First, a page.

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Skin-to-skin (kangaroo) care for babies in the Neonatal Critical Care Unit

Skin-to-skin (kangaroo) care means placing your baby directly onto bare skin between your breasts or on their father's chest while keeping them warm. In the Neonatal Critical Care Unit, we encourage parents and even siblings to participate in skin-to-skin care with their babies. Siblings may also participate in skin-to-skin care (if appropriate) with parent consent and support.

There are many benefits of skin-to-skin care for you and your baby and these include:

  • enhanced bonding between baby and parents
  • helping to conserve your baby's energy
  • stabilising your baby's heart rate and breathing
  • stabilising your baby's temperature
  • increasing your baby's tolerance to noise and stress
  • increased milk supply
  • earlier and more successful breastfeeding
  • encouraging non-nutritive sucking
  • a daily vaccination against infections—mothers who skin-to-skin care with their babies produce antibodies in their milk that are specific to the hospital environment
  • helping with your baby's brain development
  • earlier discharge from hospital
  • making both babies and parents happy.

Suitable clothing that will allow easy access for skin-to-skin care may include the following:

  • A button-up style shirt.
  • A shirt with a low neckline made of soft stretchy fabric.
  • A hospital gown.
  • You will need to remove your bra just prior to skin-to-skin care—this allows your baby to have direct contact with your skin.

Kangaroo Mother Care

All babies who are stable even if they are receiving assistance with their breathing, with either a tube or nasal prongs, can have skin-to-skin care. Let your baby's nurse know that you are available for a cuddle whenever your baby's condition allows and together you can plan a suitable time.

If your baby is ready for skin-to-skin care, it is important that you do not miss this special opportunity. If your breasts are full and you have time, you may wish to express. You may also choose to go to the bathroom prior to cuddling your baby.

When you and your baby are ready your nurse will assist you both into a comfortable and safe position on a recliner chair within the nursery. Your baby needs to be kept warm so you can either tuck your baby under your shirt or cover your baby with your hospital gown and a warm blanket. Cuddling your baby in this way for a minimum of one hour duration or longer is ideal as long as your baby remains stable and you are comfortable. You may also like to look at your baby's face using a hand held mirror.

During skin-to-skin care:

  • your baby should be placed between your breasts or on their father's chest, in an upright position and then covered to keep them warm
  • your baby should be dressed in a nappy only
  • your baby should have their head turned to one side in a slightly upturned position—this assists with your baby's breathing and allows you to have eye contact with your baby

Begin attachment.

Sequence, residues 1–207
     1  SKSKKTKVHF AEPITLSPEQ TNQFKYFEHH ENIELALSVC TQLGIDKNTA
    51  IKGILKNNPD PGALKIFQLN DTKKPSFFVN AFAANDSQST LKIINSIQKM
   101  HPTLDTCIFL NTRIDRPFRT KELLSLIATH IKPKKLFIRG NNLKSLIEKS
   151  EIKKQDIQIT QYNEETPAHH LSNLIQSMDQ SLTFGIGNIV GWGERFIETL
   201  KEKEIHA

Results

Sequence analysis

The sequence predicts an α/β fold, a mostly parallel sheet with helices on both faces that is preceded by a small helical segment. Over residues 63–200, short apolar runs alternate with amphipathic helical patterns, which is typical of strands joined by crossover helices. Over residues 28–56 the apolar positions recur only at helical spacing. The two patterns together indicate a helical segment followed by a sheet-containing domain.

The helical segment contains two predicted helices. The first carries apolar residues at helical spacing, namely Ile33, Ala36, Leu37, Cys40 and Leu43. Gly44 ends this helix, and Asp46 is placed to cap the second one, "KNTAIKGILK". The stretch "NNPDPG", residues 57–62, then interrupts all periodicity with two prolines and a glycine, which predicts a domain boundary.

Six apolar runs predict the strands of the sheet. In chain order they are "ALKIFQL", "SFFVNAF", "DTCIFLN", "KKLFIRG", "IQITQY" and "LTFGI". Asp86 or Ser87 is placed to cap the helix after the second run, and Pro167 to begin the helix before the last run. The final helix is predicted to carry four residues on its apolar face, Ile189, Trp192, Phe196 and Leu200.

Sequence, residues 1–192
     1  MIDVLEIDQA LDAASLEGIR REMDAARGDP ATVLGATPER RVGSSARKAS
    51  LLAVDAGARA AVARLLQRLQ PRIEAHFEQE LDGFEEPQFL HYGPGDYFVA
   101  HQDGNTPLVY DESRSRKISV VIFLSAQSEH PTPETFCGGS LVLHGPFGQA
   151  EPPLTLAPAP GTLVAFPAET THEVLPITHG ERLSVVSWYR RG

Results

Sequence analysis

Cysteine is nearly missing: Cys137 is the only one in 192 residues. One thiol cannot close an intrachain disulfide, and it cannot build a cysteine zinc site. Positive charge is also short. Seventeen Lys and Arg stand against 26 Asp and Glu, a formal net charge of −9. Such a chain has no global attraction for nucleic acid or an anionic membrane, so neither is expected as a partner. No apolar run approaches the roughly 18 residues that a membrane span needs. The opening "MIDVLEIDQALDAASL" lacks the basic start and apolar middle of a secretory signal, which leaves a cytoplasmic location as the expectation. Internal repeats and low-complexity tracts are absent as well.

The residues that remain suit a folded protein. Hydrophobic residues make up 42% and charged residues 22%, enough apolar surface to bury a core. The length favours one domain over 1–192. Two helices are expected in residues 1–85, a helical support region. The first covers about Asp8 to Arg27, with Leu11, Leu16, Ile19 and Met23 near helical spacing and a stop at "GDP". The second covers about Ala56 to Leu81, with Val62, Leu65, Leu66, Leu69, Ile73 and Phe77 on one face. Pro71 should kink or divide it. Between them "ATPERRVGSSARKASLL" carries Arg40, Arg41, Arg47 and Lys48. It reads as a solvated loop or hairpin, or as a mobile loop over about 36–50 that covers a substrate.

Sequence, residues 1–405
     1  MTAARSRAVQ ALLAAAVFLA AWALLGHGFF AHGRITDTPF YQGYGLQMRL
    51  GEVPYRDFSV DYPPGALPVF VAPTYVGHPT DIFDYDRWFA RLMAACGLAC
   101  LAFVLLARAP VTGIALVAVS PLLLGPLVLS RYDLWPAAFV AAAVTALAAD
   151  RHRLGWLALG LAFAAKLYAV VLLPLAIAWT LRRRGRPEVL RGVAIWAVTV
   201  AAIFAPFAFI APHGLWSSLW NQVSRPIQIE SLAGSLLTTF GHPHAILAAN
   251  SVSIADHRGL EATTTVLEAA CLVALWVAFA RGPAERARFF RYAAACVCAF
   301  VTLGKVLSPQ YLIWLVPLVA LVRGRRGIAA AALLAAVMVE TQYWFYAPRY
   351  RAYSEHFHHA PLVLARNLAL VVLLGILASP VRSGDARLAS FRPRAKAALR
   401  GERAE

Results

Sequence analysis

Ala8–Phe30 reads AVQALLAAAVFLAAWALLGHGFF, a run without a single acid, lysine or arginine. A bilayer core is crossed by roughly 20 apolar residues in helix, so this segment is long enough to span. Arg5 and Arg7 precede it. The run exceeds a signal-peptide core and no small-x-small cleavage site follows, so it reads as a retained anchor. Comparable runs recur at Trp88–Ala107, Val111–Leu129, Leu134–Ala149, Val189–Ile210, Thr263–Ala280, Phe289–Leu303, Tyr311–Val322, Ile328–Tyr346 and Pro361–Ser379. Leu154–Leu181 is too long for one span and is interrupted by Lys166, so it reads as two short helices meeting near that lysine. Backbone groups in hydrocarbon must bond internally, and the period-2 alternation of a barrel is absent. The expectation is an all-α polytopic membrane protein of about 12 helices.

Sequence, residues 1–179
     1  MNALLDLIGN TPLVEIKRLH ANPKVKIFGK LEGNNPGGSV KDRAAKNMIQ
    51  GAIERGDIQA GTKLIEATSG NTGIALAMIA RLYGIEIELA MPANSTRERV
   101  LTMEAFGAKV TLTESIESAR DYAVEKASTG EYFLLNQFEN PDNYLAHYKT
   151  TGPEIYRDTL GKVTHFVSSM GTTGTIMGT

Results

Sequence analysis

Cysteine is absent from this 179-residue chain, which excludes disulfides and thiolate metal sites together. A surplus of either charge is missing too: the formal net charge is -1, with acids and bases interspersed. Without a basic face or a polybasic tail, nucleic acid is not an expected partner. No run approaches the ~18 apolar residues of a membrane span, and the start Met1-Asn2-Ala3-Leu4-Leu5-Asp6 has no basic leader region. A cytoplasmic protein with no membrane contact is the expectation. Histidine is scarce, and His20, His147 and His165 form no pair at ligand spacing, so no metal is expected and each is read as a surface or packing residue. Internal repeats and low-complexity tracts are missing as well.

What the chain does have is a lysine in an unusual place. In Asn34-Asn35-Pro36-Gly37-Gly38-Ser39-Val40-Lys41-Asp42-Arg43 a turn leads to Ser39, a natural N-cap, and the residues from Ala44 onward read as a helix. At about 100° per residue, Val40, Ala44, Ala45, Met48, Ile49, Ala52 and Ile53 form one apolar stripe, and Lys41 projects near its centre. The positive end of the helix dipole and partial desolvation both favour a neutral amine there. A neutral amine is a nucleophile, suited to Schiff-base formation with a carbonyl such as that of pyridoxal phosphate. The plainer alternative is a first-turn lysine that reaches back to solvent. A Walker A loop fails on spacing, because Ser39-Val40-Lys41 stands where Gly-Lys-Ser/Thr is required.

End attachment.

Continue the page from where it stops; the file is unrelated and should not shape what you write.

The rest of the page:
• your baby's arms and legs should be flexed
  • your baby's abdomen should be at the level of your upper abdomen
  • your baby's nurse will teach you how to recognise any changes in your baby's behaviour or condition.

Some babies are too sick or unstable to have skin-to-skin care – your baby's nurse will explain why if this is the situation for your baby but you are encouraged to participate in other aspects of caring for your baby, such as changing their nappy or cleaning their face, taking their temperature or changing their sheets. Your nurse can also show you how to cuddle your baby with facilitated tucking or containment by placing your hands gently over your baby.

Skin-to-skin care and breastfeeding

Kangaroo Mother Care 2

During skin-to-skin care you may observe your baby showing feeding cues i.e. making sucking movements with their mouth, turning their head to one side or the other, opening their mouth (rooting) and looking for something to suck on. These cues may occur from when your baby is 30 weeks corrected gestational age. If you observe this behaviour during skin-to-skin care, ask your nurse to assist you to position your baby at the breast. Your baby may attempt to self-latch, or lick or sniff the nipple. These are all encouraging signs of early feeding behaviours.

Contact:

Neonatal Critical Care Unit
Level 6
Mater Mothers' Hospital
Raymond Terrace, South Brisbane Qld 4101
Telephone: 07 3163 8111
Fax: 07 3163 3980
Website: www.matermothers.org.au

Mater acknowledges consumer consultation in the development of this patient information.
Mater Doc Num: PI-CLN-430086
Last modified 14/8/2017.
Consumers were consulted in the development of this patient information.
Last consumer engagement date: 31/7/2017
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